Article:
Educate young people and support initiatives to bring Free Software and Free Hardware to young minds and help them imagine their future.
To communicate with governments and standardization authorities to make sure that free software platforms cannot be excluded.
As is trying to work with the jurisdictional authorities to stop monopolies from pushing proprietary software or services up your throat because you need some hardware is a necessity.
And letting monopolies control the multimedia highways and choose what content is appropriate for you is a "big issue".
But the "shotgun" approach of Free Software lobbying is obsolete, anybody who has not yet heard of digital freedom issues either is a citizen of the Andaman islands or really does not want to be bothered, and the essence of freedom is that it cannot be imposed against ones will.
What we can and should focus on now is how to make the Digitally Free successful, how to create more opportunities for people who want to create, build, and share knowledge.
Therefore here is my wish/laundry list/suggestion for the future (Software|Hardware|Document) Freedom days
Goodbye "install parties" it's been fun, but I will take a long time forgetting a bunch of students scared to let go of their computers with the pirated proprietary operating systems, because we might install something new on them...
Goodbye desktop software demo, because at this point you will either preach to the choir, or demonstrate that it is not "exactly like that other thing we are used to"...
Announcing Free Software jobs to people who are really interested and already using a free platform...
Announcing your startup projects for which you would like same-minded partners.
Promoting training, university courses enabling you to be better at what you do.
Getting together addressing specific Free Software/Hardware/Open Format adverse policy issues, either global or specific to your geography, and start setting up a game plan to address these issues.
Use the opportunities to get in social contact without being dependent on some "social network platform", teach about Mail, IRC, Jabber, the ease of setting up one's own website and connecting RSS feeds.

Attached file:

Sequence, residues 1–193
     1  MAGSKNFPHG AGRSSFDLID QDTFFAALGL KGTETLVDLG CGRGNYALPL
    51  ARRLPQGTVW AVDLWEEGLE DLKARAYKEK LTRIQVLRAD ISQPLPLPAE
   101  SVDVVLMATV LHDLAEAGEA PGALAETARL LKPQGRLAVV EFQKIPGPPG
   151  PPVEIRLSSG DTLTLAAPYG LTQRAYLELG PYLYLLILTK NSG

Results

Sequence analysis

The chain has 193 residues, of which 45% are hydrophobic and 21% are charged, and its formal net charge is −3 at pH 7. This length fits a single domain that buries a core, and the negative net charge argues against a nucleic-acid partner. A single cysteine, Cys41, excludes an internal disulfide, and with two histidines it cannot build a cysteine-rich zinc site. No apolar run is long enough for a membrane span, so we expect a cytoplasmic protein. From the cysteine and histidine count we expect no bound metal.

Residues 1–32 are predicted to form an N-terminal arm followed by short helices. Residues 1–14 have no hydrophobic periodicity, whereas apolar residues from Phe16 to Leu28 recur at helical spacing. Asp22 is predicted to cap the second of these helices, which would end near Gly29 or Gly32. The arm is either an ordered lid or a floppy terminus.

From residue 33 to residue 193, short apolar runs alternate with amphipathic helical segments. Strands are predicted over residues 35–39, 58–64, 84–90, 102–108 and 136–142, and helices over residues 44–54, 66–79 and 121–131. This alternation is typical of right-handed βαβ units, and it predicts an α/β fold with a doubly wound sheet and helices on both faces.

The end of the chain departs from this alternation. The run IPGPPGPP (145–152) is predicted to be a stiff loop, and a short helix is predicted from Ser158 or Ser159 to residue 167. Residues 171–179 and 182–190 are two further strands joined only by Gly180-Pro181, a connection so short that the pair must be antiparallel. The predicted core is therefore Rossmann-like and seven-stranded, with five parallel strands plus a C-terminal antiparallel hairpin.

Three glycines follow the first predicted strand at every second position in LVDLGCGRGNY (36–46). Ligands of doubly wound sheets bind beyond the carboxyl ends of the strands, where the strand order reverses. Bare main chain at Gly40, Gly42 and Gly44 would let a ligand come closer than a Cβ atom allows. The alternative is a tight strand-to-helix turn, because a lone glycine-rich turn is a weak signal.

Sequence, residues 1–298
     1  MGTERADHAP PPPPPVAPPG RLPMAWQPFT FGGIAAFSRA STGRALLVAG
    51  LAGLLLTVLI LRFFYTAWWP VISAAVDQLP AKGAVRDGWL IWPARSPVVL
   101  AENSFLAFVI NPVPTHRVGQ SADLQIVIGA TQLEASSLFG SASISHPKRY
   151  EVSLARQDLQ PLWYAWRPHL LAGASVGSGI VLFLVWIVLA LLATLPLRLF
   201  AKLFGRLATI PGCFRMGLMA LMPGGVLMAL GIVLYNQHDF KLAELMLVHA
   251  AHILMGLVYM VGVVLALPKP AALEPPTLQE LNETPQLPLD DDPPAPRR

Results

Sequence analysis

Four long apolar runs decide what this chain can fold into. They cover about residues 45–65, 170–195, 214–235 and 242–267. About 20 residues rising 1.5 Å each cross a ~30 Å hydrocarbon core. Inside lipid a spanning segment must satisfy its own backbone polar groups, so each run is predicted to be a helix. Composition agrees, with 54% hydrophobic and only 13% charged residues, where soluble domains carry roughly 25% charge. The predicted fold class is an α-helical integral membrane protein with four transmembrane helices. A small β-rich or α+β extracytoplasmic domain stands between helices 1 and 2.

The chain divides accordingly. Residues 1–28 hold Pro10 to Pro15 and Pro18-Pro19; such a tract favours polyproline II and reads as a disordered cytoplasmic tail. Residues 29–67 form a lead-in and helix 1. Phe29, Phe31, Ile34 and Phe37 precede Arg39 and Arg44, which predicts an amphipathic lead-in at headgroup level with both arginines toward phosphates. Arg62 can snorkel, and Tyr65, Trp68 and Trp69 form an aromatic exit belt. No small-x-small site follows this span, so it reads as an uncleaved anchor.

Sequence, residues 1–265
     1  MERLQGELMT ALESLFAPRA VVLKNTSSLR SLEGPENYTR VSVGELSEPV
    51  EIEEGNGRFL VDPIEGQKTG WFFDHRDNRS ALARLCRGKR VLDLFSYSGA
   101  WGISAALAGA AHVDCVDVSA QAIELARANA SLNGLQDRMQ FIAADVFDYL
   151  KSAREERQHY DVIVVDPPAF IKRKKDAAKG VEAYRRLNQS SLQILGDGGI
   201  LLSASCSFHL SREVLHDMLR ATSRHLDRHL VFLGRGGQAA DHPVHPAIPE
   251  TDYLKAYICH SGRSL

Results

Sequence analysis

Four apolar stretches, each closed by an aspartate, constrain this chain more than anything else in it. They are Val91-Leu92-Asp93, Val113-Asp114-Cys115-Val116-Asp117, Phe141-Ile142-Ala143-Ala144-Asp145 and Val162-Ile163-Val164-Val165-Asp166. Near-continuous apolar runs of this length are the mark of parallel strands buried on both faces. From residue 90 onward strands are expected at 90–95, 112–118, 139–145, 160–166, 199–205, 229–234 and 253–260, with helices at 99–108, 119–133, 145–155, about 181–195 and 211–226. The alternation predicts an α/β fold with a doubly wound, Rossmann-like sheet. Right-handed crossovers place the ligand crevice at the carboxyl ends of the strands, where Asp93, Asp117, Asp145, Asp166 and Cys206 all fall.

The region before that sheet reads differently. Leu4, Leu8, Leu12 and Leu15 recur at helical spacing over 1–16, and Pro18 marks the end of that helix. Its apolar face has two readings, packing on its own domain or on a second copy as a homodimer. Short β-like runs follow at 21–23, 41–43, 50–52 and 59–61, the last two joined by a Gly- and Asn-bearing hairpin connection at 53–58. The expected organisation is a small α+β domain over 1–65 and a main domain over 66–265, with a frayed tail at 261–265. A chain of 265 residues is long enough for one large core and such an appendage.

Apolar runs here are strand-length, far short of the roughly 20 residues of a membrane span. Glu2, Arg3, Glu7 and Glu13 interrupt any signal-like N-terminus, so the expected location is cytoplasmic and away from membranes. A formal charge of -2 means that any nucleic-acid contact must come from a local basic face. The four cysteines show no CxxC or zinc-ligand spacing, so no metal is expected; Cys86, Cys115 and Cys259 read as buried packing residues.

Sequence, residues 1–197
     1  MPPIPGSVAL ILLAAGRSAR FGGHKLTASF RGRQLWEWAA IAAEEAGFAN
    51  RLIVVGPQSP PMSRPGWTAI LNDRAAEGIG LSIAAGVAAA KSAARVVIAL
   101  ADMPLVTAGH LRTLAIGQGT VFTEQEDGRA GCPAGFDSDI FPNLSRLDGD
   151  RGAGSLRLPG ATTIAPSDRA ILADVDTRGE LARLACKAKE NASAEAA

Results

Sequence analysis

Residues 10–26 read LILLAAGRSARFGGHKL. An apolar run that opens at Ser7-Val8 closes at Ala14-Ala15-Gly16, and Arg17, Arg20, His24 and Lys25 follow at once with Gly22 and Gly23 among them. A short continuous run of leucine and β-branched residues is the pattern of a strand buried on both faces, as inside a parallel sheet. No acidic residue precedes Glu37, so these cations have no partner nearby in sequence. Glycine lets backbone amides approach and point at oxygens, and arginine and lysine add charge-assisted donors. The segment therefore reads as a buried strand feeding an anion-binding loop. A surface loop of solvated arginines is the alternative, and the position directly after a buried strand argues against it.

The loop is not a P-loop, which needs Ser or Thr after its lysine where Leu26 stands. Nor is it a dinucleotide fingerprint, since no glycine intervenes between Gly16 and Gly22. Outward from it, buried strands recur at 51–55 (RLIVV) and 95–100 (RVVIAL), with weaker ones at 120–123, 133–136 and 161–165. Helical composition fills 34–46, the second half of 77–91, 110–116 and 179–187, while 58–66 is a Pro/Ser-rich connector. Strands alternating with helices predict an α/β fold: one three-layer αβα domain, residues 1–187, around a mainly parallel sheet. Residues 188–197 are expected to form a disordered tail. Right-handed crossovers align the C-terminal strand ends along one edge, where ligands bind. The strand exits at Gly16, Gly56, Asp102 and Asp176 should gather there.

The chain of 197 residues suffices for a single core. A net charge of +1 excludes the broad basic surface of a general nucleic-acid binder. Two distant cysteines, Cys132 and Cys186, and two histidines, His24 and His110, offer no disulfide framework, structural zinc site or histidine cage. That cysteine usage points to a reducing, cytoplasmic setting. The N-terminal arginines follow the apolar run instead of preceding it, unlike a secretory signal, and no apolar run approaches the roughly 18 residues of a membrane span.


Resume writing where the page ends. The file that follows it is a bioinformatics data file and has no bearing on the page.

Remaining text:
And of course: Have fun doing stuff.
Happy Hacking !
i. Yes, there are other licensing options, for example the "permissive" licences, and it didn't address online services, and you might find some earlier work, and the initial version was based on economic models that might not work for you, and ... but you need to start somewhere.
ii. Linus Torvalds initial post has a great lesson for all software designer, and really for all humans with big projects, he promised something small, with not too much functionalities, and did not try to solve hard problems too early. This enabled him to have something working, and then get the traction to handle the "hard problems" (like portability for example).
iii. Before you grumble about "nah it's Linux", consider that the first two big packages announced in this posting where Bash and Gcc both being GNU products, so you could argue that now the operating system should be either called Linux or Gnu/MIT/Libreoffice/<a bunch of other important packages>/Linux or just Linux for short, but acknowledging the seminal contribution of the GNU project to the Linux environment does not diminish Linus Torvalds merit and is educational. If we are lucky we can be "dwarves standing on the shoulders of giants" (https://en.wikipedia.org/wiki/Standing_on_the_shoulders_of_giants#Attribution_and_meaning), the alternative being "giants standing on the shoulders of dwarves", and falling on our noses.
iv. Of course the main issue was not to have a text processing platform, there always were "other choices", but interoperability was and is the key point, you do not want to impose to others to change their editing platform just because you would like them to be able to review your text. This made the dominant Office suite a trojan horse for all the products of a single company.
v. For those who were not around, or who do not remember, one browser from a very large company who was able to leverage it's desktop domination into online service ubiquity had about 90..95% of market share in 2002, which in itself was not "a big deal", but it enabled them to twist the standards and progressively create a "de facto" standard for the web that would block other operating systems, other document formats, create new monopolies on media streaming, etc ...
vi. You could try my game: find something that you could realistically want to do, for which there is not an alternative under a Free licence, well good heavy duty rocket schematics are hard to find, but then the components are out of my tax bracket anyway.
About the author, Patrick Sinz
Patrick has been involved in Free Software since 1983, when he was curating the “kit du développeur Vincennois at the university of Paris 8” (distributed on 1/4” tapes). He is a board member of the AFUL (Association Francophone des utilisateurs de Logiciels Libre) and a founding member of SCLibre (Software y Cultura Libre) in Santa Cruz de la Sierra (Bolivia).
His professional interests cover Free Software for eGovernment, 3D printing, complex infrastructures and the sane and efficient use of Big and/or Open Data, he organizes the Data Tuesday Barcelona networking event.
Outside of work, Patrick reads, cooks, bakes, sculpts, listen to live music and can be found where good food meets decent beverages, he has two fast growing children.
His infrequent blog: http://www.sinz.fr